Brittany provided some amazing advice when we discussed student behavior. Some tools that can be used to assist students with behavior issues are:

  • Building a relationship with the students.
  • Taking time and actually having a conversation with the student.
  • Allowing the student time to calm down.
  • Using social stories to support growth in behavior.
  • Providing a calm down corner or fidget area to help students calm down.

Brittany also uses timers in her room to help give students a specific amount of time to settle down. She also has them set a goal for their calm down time as well. Sometimes the goal is to think of a better option for their behavior or to realize what the problem was. I have used this many times with my students. In addition to this, Brittany suggested that sometimes students just need a different person to talk to besides their classroom teacher. Use your fellow teachers to help in this situation.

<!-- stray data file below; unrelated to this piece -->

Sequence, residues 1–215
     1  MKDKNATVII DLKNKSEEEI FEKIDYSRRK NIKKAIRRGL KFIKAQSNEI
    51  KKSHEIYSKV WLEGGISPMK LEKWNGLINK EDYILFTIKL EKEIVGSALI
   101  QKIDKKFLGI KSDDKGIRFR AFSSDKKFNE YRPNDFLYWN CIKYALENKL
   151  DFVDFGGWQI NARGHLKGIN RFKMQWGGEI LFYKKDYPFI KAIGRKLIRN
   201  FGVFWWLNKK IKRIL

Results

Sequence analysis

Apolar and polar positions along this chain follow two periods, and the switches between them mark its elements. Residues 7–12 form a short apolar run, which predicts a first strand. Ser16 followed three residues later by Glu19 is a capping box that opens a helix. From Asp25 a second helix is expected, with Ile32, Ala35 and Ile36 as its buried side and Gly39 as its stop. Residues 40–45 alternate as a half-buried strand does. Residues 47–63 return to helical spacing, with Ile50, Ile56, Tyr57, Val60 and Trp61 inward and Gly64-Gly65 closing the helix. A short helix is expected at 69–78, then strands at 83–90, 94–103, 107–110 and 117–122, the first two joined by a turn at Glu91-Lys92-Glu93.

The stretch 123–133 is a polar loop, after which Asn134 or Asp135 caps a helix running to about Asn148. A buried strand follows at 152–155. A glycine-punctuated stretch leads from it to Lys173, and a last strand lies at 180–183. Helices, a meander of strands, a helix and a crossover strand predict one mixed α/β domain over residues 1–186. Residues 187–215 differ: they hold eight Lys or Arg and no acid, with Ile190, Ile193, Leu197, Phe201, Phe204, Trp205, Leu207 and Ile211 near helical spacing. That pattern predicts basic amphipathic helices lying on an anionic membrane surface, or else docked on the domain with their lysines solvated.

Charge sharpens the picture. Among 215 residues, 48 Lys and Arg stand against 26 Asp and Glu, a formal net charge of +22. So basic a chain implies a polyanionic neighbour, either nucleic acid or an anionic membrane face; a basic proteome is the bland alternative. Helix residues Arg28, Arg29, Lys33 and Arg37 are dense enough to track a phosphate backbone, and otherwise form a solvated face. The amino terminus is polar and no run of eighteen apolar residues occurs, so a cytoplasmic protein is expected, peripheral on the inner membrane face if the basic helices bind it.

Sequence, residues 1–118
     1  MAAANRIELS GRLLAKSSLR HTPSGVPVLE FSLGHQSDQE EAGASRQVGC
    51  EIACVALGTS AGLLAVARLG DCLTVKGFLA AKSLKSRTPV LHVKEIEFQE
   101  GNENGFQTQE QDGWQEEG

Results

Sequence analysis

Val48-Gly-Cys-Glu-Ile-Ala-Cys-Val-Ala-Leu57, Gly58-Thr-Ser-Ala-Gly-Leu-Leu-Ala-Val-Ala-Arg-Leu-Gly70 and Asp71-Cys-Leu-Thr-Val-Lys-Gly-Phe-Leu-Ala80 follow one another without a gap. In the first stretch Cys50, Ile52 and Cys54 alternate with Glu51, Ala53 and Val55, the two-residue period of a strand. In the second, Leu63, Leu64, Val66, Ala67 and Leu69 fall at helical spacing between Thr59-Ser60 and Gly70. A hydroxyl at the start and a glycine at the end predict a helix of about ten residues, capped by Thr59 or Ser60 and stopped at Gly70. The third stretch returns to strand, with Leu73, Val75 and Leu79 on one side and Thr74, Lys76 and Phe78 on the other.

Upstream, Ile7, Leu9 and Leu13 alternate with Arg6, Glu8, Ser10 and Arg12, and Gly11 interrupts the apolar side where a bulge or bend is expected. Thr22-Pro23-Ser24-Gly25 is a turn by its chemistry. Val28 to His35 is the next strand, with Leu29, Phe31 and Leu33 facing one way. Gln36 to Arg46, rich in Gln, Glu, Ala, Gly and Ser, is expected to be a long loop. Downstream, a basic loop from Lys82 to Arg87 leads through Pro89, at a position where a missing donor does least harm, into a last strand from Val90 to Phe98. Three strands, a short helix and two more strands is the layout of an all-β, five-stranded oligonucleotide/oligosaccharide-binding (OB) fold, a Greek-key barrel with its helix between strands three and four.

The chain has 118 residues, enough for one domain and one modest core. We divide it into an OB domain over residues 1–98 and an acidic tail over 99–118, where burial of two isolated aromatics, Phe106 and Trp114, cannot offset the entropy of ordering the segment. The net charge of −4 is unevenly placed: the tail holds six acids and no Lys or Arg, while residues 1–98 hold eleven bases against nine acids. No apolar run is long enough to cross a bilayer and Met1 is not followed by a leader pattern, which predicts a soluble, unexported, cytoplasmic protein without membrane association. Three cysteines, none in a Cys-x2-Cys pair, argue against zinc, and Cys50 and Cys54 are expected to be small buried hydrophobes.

What would you like for a teacher to communicate with you as a student’s sped teacher?

It can be hard to know exactly what the sped teacher in your building might need, but having conversations with them is very important. When you communicate with the other teachers in your building, you are able to grow as a teacher and help your students grow too. Ask your sped teacher what they want you to talk to them about or what information they would love to hear from you!

Brittany gave me the following list of things that your sped teacher might also be interested in knowing from you.

  • Spelling words or any other information that you are working on in the regular education setting that could be incorporated into your student’s goals.